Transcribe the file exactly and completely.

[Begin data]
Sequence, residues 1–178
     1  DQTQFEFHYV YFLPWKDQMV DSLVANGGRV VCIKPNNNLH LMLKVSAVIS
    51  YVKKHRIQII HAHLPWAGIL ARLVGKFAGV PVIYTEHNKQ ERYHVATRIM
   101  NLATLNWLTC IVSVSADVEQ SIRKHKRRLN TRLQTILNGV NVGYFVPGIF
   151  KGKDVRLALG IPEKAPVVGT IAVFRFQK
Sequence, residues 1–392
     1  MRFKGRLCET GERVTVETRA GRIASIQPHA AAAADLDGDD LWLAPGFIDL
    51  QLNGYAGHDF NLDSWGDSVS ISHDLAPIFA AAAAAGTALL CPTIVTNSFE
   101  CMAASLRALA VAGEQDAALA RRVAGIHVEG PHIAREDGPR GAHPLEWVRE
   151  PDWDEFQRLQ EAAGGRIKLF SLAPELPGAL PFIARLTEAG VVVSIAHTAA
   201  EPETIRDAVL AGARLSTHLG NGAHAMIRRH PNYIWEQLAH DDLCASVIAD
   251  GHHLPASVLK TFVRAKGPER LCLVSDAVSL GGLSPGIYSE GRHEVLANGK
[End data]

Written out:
Sequence, residues 1–178
     1  DQTQFEFHYV YFLPWKDQMV DSLVANGGRV VCIKPNNNLH LMLKVSAVIS
    51  YVKKHRIQII HAHLPWAGIL ARLVGKFAGV PVIYTEHNKQ ERYHVATRIM
   101  NLATLNWLTC IVSVSADVEQ SIRKHKRRLN TRLQTILNGV NVGYFVPGIF
   151  KGKDVRLALG IPEKAPVVGT IAVFRFQK
Sequence, residues 1–392
     1  MRFKGRLCET GERVTVETRA GRIASIQPHA AAAADLDGDD LWLAPGFIDL
    51  QLNGYAGHDF NLDSWGDSVS ISHDLAPIFA AAAAAGTALL CPTIVTNSFE
   101  CMAASLRALA VAGEQDAALA RRVAGIHVEG PHIAREDGPR GAHPLEWVRE
   151  PDWDEFQRLQ EAAGGRIKLF SLAPELPGAL PFIARLTEAG VVVSIAHTAA
   201  EPETIRDAVL AGARLSTHLG NGAHAMIRRH PNYIWEQLAH DDLCASVIAD
   251  GHHLPASVLK TFVRAKGPER LCLVSDAVSL GGLSPGIYSE GRHEVLANGK